Blanching is a thermal treatment commonly applied in a variety of vegetable preservation treatments and is particularly important in freezing because it impacts quality very strongly. The product is heated, typically by brief immersion in water at 85–100◦C or by steaming at 100◦C. The primary objective is to inactivate enzymes responsible for alterations in sensory quality attributes (off flavors and odors) and in nutritional value (loss of vitamins) during storage (3).

To preserve blanched potatoes by freezing  :

  • Boil potatoes until they are just cooked. Potatoes must still be a little form at this point. It is better to leave the skin on during blanching to preserve the nutrients.
  • Transfer the potatoes into ice water.
  • Drain off the excess water and allow the potatoes to cool down to room temperature.
  • Place the potatoes in a tray lined with parchment paper. Leave some space around each potato.
  • Place the tray in the freezer for a few hours, until all the potatoes are frozen.
  • Transfer the potatoes into a ziplock bag.
  • Squeeze out the excess air, seal, label, and place the bags back in the freezer.

To preserve mashed potatoes by freezing:

  • Boil the potatoes until they are soft and mash them by adding butter, milk, cheese and any additional ingredients of your choice.
  • Transfer the mashed potato into ziplock bags.
  • Squeeze out the excess air, seal, label, and place the bags in the freezer.

To preserve roasted or fried potato:

  • Peel and slice the potatoes. 
  • Blanch the potatoes by lightly boiling and then adding them to ice water.
  • Slightly fry the potatoes in heated oil.
  • Allow them to cool down to room temperature
  • Place the tray in the freezer for a few hours, until all the potatoes are frozen.
  • Transfer the potatoes into a ziplock bag.
  • Squeeze out the excess air, seal, label, and place the bags back in the freezer.

How to preserve potatoes by dehydrating

Drying is a widely used method of fruit and vegetable preservation.Water is removed to a final concentration, which assures microbial stability of the product and minimizes chemical and physical changes. Nowadays, drying is regarded not only as a preservation process, but also as a method for increasing added value of foods (3).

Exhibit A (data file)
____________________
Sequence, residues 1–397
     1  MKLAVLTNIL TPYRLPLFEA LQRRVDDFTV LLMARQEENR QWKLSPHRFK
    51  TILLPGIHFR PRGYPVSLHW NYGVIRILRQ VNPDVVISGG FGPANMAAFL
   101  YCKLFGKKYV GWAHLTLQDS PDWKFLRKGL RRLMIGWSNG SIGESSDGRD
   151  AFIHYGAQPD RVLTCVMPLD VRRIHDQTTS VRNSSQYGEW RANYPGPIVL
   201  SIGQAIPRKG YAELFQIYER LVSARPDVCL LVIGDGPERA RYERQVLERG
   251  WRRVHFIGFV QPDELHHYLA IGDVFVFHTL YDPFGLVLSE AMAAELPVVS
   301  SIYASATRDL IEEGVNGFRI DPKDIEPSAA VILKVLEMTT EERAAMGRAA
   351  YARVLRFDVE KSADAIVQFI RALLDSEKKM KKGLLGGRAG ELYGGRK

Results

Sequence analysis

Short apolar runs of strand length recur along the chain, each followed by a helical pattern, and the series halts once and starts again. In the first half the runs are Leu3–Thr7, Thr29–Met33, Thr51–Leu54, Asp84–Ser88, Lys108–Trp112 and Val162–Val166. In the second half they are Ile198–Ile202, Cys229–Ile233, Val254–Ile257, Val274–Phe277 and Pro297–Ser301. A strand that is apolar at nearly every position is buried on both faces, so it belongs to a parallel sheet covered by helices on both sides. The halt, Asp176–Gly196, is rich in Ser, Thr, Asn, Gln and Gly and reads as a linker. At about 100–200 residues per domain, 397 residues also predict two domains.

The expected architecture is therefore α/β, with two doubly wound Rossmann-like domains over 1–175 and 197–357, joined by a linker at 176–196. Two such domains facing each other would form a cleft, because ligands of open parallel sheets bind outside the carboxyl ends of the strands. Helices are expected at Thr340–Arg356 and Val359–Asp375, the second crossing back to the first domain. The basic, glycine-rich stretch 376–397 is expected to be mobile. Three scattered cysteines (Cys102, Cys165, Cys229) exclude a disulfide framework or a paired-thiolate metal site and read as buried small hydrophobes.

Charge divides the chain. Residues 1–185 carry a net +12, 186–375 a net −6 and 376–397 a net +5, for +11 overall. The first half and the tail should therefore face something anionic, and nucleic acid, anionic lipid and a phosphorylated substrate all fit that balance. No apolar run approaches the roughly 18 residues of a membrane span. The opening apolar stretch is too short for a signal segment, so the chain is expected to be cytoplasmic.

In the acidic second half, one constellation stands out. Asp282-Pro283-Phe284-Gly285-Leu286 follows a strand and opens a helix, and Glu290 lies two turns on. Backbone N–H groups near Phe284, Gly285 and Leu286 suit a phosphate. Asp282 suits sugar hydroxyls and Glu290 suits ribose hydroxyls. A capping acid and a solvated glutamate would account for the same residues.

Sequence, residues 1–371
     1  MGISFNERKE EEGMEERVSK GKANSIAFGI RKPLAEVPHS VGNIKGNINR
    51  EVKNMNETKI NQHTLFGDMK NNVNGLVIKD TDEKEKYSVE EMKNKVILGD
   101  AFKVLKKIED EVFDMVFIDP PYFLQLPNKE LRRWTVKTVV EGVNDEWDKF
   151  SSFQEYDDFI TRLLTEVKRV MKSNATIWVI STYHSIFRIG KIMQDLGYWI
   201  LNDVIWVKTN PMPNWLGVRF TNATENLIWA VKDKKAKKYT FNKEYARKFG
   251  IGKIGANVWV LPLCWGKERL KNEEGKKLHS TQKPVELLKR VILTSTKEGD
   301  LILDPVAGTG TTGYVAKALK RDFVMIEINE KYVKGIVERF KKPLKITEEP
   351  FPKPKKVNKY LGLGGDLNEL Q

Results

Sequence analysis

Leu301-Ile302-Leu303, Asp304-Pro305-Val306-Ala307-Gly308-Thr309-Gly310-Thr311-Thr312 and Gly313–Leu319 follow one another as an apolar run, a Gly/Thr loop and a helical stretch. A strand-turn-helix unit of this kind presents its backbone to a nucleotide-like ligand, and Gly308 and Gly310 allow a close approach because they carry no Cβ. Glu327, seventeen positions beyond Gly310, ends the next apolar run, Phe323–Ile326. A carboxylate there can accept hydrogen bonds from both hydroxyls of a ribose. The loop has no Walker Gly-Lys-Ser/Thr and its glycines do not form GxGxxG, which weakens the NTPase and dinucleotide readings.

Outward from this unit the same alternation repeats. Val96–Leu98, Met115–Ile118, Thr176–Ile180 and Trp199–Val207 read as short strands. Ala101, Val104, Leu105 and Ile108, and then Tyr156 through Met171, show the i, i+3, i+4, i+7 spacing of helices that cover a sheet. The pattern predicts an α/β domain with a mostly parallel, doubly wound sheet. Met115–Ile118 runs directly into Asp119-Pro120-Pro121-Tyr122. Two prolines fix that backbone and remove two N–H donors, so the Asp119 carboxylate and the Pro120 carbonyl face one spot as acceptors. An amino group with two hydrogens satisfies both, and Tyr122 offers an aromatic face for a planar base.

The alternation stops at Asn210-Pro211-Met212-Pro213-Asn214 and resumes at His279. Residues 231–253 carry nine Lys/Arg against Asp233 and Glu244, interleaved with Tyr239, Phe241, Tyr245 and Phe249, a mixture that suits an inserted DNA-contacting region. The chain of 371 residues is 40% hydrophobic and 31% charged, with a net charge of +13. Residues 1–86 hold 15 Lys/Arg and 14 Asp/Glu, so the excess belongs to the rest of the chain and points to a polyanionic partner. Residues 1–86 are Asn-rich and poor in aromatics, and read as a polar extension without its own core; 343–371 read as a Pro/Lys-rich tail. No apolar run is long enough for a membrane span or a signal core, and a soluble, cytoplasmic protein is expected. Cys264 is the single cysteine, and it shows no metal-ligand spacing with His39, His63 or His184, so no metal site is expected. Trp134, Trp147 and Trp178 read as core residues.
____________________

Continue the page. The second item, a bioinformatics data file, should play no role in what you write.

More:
Potatoes can be preserved by dehydration. 

Potatoes must be blanched before dehydration. Blanch the potatoes by immersing them in boiling water for 5 minutes and then transferring them into ice water. Then dehydrate the potatoes using a food dehydrator at 135° F until they are crispy. Store the dehydrated potatoes in an airtight container in a cool, dark place.

How to preserve potatoes by canning

Pickling involves preserving foodstuffs under high acid concentration, enabling their preservation for over two years without refrigeration. Pickling imparts unique and desirable changes in flavor, texture and color that take place over time in fermented pickles. Microorganisms (mainly lactic acid bacteria, Micrococcaceae, Bacilli, yeasts, and filamentous fungi) play a pivotal role in the pickling of foodstuffs while affecting the quality and safety of the final product (5).

Canning is the least common method to preserve potatoes. Homemade canned potatoes will last for about 1218 months. Canning potatoes is the most time consuming and technical method of preservation. You can find a detailed process of canning potatoes here.

Other FAQs about Potatoes that you may be interested in.

How to Keep Potatoes from Sticking

Can you eat potatoes on a low carb diet?

Can you eat old potatoes?

Are potatoes healthier than bread?


In this brief guide, we answered the question “how to preserve potatoes” and discussed the different methods used to preserve potatoes.

If you have any questions or comments, please let us know.


  1. Mudege, Netsayi Noris, Silvia Sarapura Escobar, and Vivian Polar. Gender topics on potato research and development. The Potato Crop: Its Agricultural, Nutritional and Social Contribution to Humankind, 2020, 475-506.
  2. Wang, Qingguo, et al. Effects of postharvest curing treatment on flesh colour and phenolic metabolism in fresh-cut potato products. Food Chem, 2015, 169, 246-254.
  3. Pinhero, Reena Grittle, Robert Coffin, and Rickey Y. Yada. Post-harvest storage of potatoes. Advances in potato chemistry and technology. Academic press, 2009. 339-370. 
  4. Tudela, Juan Antonio, J. C. Espın, and M. I. Gil. Vitamin C retention in fresh-cut potatoes. Posthar biol technol, 2201, 26, 75-84.
  5. Behera, Sudhanshu S., et al. Traditionally fermented pickles: How the microbial diversity associated with their nutritional and health benefits?. J Funct Foods, 2020, 70, 103971.